In a recent survey of data scientists conducted by Mage, we found out that the #1 pain point when working on AI projects is data cleaning. The main reasons cited are that it takes a long time to do well, and is painful or tedious work.
What data needs to be cleaned
The magic question
A magic wand
What data needs to be cleaned
Data cleaning stems from the need to purge datasets of information that’s not useful to the model, which unfortunately occurs more than once at each stage of the machine learning lifecycle. Due to this, it’s an iterative process that becomes tedious and difficult to estimate the time until completion.
Throughout the machine learning lifecycle there are plenty of ways for poor quality data to seep into the dataset itself. It can stem from selection bias, where the sample size wasn’t unique or diverse enough during data collection. This leads to an uneven distribution that data scientists will need to even out as part of the cleaning process.
Poor quality data can also come from user error by filling in invalid values or dealing with inconsistent data when joining different datasets together. For instance, when working with international datasets, users from the UK and the US don’t use the same measurements: metric versus imperial system. But if you’re stuck looking for a location and one has distance measured in kilometers and the other is miles, you’ll need to convert both units to match in order to find the correlation between distance.
When merging countless datasets together it’s easy to miss data that shouldn’t be used to train the model. Due to legal concerns, it’s discriminatory to use certain features without consent and all datasets should be purged of it. The problem is the definition of what’s private, protected, or personal varies from source to source. Some users may have signed a disclosure or ToS, while others opted out. Tracking and managing this then becomes extremely tedious when cleaning the data as you may still want to train on those features but not everyone has given consent to use them.
🤔 The magic question
To first answer the magic question, we need to identify what brings pain. Here we’ll look at pain as boring, repetitive work, or frustration that comes when dealing with big data.
Looking for uneven or biased data tends to be very manual which makes it quite boring or difficult to endure for long hours. You’ll often find yourself running the same query over and over to find the outliers and perform any analytics necessary to identify what you need to remove. On top of that, there are things computers can’t catch yet so fully-automated solutions still need to be verified by a human.
A case I alluded to earlier is in the inconsistencies of data when uploading data from many sources, especially during enrichment. Lot’s of things can and will go wrong when mixing datasets that are independent from one another. These minor inconsistencies, when missed, lead to models that make the wrong assumptions and can have dire consequences.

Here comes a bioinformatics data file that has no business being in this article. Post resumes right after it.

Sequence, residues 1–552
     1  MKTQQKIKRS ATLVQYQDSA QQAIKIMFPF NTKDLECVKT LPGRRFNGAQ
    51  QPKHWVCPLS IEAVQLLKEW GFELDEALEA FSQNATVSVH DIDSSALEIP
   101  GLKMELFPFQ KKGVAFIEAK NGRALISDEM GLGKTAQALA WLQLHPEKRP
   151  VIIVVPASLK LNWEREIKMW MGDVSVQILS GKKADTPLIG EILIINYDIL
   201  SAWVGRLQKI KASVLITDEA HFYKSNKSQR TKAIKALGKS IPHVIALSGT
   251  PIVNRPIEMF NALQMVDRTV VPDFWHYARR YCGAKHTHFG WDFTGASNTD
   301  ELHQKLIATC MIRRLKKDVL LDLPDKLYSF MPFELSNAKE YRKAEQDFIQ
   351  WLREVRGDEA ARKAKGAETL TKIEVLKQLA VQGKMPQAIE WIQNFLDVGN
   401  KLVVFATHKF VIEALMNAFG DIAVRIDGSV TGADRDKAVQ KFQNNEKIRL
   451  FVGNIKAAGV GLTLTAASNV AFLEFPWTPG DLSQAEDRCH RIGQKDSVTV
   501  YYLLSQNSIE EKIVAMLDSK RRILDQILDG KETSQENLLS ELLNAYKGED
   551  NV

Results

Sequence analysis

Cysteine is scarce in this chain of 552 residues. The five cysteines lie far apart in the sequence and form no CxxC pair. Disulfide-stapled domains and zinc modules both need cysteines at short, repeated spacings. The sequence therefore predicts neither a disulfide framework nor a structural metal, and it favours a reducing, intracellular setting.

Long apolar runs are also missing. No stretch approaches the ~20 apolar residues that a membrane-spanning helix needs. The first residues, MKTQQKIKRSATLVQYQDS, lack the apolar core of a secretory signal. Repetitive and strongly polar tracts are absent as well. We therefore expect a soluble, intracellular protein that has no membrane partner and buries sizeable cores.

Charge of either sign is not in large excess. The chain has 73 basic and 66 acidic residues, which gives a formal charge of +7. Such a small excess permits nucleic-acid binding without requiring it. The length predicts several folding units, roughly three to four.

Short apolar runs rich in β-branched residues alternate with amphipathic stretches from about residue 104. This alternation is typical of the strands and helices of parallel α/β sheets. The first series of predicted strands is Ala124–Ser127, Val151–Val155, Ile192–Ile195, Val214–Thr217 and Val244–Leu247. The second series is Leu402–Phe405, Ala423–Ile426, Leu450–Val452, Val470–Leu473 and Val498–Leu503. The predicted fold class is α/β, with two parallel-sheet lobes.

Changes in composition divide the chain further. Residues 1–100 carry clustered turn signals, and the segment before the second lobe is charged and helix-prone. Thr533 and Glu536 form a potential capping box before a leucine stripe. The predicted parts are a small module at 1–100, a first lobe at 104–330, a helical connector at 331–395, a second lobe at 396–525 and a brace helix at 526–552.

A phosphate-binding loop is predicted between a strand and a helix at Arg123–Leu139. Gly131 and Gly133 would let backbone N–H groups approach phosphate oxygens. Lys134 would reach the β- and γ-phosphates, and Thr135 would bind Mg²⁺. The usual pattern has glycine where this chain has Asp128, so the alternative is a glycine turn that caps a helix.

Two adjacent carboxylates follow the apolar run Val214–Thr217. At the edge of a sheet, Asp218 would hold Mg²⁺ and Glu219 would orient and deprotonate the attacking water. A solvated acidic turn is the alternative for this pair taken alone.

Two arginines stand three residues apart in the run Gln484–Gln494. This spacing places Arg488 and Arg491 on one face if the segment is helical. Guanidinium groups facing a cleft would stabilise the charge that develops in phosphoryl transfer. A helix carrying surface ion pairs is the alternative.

Seeing as these datasets get touched by a team, not having the proper documentation and passing of the project leads to time wasted trying to catch up. Likewise, you’ll most likely be working on more than one model at a time, so being able to switch gears quickly is a must or and you might revisit a model made weeks ago.
A magic wand 🪄
For me, reducing the pain would be finding ways to streamline the boring process, and provide better documentation or suggestions towards the frustrating parts.
Ideally, I’d want something that resembles a linter, just being able to identify what features aren’t clean, biased, or where the outliers are is a huge plus. A tool that reduces the manual strain for anyone trying to perform insights or analysis on the data would greatly reduce the pain of a boring task. Given this knowledge, I’d then want to be able to make a choice.
Whether to cleanse it or leave it in should depend on the user. Though some may disagree, the ability to have a choice rather than instantaneously perform cleaning is a better solution than fully automated processes. Afterall, I only desire to reduce the boring task of sifting through the data, and keep the fun parts like decision making and customizing data!
Similar to the responses we’ve gotten from the survey, frustration comes when you lose track of progress or when you’re unable to gauge progress. Due to this uncertainty it can feel like it’ll take ages to train the model that satisfies your needs. To circumvent this, a tool that provides versioning would be ideal.
Git for data scientists
, essentially tracking who performed what transformer actions to the dataset, when they did it, and a commit message describing what the objective was.
Of course, this only covers the tip of the iceberg, only looking at the data itself. Once a model is trained, you’ll get to see its performance and will turn to either data cleaning for retraining, or model tuning by playing with hyper parameters or selecting a different training algorithm. There’s many more areas that will most certainly require a human touch, like determining which features lead to data leakage, and striving to make a dataset that’s understable by a machine but also other humans.